WASHINGTON — Blocked by stiff congressional opposition to opening the Arctic National Wildlife Refuge to oil drilling, the Bush administration is moving on its own to promote energy exploration in the icy waters off Alaska.
Government officials are inviting oil companies to bid later this year on the rights to drill in the Beaufort Sea off northern Alaska, an area unaffected by a moratorium on new offshore exploration in much of the rest of the country.
High costs have made oil companies leery about drilling in the sea. As an industry lobbyist noted: "A lot of really expensive dry holes have been drilled" in the Beaufort Sea.
In response, the administration proposes to offer millions of dollars' worth of incentives to encourage bids on leases expected to cover nearly 10 million acres, stretching from the Canadian border to the Alaskan city of Barrow.
The Alaskan coast may be one of the best hopes left to President Bush to achieve his goal of developing more domestic energy production.
In response to objections from his brother, Florida Gov. Jeb Bush, the president reduced drilling opportunities in the Gulf of Mexico, and agreed to spend $235 million to cancel unused oil and gas leases elsewhere off Florida's coast and in the Everglades.
More recently, the White House dropped a legal fight with California over old offshore oil leases, virtually ending the chance of new drilling off the state's coast. And last month, the Senate rejected Bush's bid to allow drilling in the Arctic National Wildlife Refuge in Alaska's northeastern corner.
Faced with diminishing choices, the administration is looking elsewhere in Alaska — especially in areas such as the Beaufort Sea, where drilling would not require congressional approval.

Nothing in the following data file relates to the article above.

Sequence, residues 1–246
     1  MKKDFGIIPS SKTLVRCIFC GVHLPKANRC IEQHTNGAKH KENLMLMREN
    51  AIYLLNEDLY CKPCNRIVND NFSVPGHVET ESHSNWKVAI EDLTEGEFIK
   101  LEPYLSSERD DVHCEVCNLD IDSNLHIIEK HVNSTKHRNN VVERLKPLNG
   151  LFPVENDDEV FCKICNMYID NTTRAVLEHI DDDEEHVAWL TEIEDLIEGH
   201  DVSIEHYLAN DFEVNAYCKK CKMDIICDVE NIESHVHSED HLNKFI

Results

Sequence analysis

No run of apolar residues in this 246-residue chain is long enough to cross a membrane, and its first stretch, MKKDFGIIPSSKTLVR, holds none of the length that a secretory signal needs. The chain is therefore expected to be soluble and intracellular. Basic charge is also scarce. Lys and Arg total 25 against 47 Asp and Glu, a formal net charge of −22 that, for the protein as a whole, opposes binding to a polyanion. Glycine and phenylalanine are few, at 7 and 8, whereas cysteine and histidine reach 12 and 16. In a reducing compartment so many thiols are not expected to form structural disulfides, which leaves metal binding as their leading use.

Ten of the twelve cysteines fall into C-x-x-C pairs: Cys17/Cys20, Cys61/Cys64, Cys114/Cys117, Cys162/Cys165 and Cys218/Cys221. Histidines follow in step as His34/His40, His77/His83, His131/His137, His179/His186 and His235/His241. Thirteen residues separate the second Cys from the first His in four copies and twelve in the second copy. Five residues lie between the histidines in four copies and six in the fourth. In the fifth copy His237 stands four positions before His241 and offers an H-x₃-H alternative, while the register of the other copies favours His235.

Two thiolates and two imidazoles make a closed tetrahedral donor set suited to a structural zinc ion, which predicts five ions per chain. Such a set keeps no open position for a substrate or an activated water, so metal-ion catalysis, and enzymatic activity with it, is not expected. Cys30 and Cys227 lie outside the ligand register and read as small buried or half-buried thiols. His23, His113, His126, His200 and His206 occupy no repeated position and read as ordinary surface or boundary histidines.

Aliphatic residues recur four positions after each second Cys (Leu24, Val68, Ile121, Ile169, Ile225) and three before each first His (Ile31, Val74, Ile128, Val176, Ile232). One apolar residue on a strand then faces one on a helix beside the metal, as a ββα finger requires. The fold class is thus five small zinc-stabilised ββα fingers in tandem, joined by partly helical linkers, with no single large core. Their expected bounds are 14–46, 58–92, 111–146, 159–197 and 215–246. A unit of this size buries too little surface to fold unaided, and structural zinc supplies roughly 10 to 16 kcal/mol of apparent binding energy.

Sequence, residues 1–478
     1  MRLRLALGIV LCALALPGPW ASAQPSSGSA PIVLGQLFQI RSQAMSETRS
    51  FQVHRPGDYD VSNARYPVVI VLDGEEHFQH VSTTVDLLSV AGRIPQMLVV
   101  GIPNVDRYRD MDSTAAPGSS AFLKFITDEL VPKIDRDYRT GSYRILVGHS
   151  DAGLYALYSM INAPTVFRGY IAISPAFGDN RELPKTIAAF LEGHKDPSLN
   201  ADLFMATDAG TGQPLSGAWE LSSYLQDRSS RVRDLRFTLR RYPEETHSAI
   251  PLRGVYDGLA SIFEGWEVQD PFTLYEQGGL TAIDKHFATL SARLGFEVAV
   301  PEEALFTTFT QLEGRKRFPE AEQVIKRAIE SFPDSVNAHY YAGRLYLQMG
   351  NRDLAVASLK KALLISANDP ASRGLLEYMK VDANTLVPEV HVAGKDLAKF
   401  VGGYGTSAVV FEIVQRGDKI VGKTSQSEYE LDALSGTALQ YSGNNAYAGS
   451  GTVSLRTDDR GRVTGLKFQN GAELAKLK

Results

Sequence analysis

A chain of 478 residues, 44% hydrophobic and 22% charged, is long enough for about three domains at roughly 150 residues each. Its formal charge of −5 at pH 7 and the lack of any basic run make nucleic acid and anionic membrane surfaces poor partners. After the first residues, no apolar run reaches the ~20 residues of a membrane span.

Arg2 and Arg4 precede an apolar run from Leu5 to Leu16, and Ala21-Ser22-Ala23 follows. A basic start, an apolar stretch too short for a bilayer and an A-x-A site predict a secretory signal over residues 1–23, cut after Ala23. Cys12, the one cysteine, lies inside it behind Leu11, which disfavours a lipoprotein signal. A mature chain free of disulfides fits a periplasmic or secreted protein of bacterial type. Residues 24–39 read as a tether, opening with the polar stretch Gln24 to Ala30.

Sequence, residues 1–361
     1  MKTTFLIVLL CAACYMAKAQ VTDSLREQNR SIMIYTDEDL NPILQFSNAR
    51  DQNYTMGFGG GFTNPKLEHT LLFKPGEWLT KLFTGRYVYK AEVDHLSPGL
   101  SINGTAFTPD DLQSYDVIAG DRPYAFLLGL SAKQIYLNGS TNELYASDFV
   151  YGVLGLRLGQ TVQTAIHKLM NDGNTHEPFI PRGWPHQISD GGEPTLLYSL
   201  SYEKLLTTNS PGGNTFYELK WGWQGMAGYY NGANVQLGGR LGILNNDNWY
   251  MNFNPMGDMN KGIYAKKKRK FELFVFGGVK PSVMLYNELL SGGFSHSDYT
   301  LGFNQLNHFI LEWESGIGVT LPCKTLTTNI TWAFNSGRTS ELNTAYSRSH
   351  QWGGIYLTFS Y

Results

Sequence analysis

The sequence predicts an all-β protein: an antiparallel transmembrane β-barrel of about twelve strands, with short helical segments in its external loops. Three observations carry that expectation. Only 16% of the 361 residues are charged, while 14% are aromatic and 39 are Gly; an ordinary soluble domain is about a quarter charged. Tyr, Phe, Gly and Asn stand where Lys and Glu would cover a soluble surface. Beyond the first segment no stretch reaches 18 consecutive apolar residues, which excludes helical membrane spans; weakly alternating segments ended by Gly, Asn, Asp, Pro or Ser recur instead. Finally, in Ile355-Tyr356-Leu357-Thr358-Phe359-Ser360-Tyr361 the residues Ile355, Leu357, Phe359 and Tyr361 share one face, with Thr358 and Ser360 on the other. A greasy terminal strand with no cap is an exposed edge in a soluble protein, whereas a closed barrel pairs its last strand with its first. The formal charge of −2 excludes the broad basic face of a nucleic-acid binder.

"If you look around, the Lower 48 is pretty drilled up," said Larry Cooke, a supervisory geologist in Alaska for the federal Minerals Management Service. "If you're looking for big things, Alaska is about the only place left."
Walter Cruickshank, the service's deputy director in Washington, added: "Alaska is one of the few places that the industry is still allowed to explore It can provide significant supplies if the resources that we believe are there turn out to be there and be economical to produce."
The big unknown is how much enthusiasm oil companies will show for the offshore leases when they come up for sale in September.
Federal officials say the offshore area proposed for leasing could yield 460 million barrels of oil. "That's a pretty good-sized field," said Ken Leonard, a senior manager at the American Petroleum Institute.
The United States uses about 7 billion barrels of oil a year.
Unlike drilling in the Arctic refuge, the administration can move forward with the lease sale unless blocked by Congress, something considered unlikely since Alaska's congressional representatives have supported more drilling in their state.
The area proposed for drilling comes within three miles of the Arctic refuge. That's among the reasons environmentalists oppose the drilling plan.